Unheard of rental rate
A landlord is asking way under market rent for their property. To some people unfamiliar with leasing this could seem like a great bargain. To me, I would suggest this raises a bright, red flag.
Is the landlord simply unsophisticated and is unaware of the market rent? Possibly, but I think most of the time it falls under the category of “hard to lease” property.
Perhaps there are inherent parking issues with the site plan that makes it hard to retain tenants. Maybe there are known building issues that are causing people to vacate.
Most local agents will have a historical knowledge of buildings in their market. They can shed light on their past experience with tenants in the property. You need to do your homework.
Rock bottom occupancy costs
Every property you look at is quoting $5 psf in occupancy costs but you’ve found a hidden gem with estimates of $2.50 psf! Before you sign on the dotted line it would be prudent to get a few more details.
What is the landlord including in your occupancy costs? During a negotiation for lease it is not unheard of for a tenant to see the breakdown in current operating expenses.
Typical costs would include property taxes, building insurance, property management, building repairs and maintenance, landscaping and snow removal. On a stand-alone building there may be an expectation from the landlord that you pay some of these costs directly and therefore they are not included.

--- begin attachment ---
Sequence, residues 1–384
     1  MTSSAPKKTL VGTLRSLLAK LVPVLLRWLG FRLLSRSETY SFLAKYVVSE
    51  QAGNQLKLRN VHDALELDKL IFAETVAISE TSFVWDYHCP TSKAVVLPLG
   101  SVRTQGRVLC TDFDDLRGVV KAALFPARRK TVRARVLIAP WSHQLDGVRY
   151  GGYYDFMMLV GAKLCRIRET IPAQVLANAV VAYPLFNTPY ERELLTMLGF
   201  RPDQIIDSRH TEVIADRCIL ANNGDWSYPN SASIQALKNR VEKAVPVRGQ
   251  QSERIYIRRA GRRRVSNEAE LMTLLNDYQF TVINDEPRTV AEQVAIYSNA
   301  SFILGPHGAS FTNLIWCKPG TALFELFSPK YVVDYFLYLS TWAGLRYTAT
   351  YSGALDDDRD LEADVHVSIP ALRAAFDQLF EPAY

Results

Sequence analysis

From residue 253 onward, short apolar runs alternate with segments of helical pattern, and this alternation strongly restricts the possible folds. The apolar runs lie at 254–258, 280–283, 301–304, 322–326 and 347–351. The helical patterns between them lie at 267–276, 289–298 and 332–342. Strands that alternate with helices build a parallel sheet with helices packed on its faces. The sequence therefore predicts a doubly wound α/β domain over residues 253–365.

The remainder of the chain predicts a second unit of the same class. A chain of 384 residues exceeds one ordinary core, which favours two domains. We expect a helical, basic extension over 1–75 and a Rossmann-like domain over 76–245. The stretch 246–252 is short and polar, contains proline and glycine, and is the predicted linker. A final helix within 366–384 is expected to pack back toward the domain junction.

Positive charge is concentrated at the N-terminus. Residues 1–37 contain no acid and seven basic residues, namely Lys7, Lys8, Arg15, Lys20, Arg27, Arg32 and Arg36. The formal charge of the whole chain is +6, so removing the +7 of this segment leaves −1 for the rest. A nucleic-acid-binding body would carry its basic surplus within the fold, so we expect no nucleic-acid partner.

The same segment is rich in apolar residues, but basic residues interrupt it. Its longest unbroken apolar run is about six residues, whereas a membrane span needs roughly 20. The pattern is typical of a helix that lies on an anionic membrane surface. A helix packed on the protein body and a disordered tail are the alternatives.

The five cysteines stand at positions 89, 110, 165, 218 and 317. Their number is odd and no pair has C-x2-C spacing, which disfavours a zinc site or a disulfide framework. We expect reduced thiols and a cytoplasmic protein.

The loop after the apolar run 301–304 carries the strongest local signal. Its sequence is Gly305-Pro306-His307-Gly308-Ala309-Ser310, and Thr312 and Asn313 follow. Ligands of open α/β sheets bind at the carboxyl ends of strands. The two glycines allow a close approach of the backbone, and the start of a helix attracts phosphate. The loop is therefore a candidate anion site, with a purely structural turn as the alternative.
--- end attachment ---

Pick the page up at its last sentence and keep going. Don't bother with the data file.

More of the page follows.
You want to make sure you’re comparing apples to apples. Just because one property has a lower occupancy cost does not mean it will work out to less expense for you in the future.
Long term vacancy on dynamite location
You have noticed a property that seems like it’s been vacant forever. Now’s your chance to swoop in and solve all the landlord’s problems but taking him/her any kind of deal. You’re doing them a favour; or are you?
Without any prior knowledge of the landlord’s motivation, you cannot assume a long term vacancy signals desperation on their part. They may have litany of reasons their property is vacant.
Landlords will sit on vacancy because they have redevelopment plans in mind. Another reason can be their reluctance to take just any tenant. They may have a real vision in mind for who best fits onto their site.
Right, wrong or otherwise, it is the landlord’s discretion as to who they will accept for tenancy. Taking a deal under market rent diminishes the asset value of their investment property and therefore just any deal may not suffice.
Move on down the road?
I’m not recommending arbitrarily walking away from a deal in any of these scenarios. I would advise that you know what you’re getting into. Using proper representation can assist in the process of weeding through properties and rental terms that best suit your business needs.
In our previous Where to Watch for Hair Growth on CRE Investments, we focused on purchaser pitfalls that could also be useful. Have you ever walked away from a deal because it was not what you initially thought it was?
Posted by Kelly Macsymic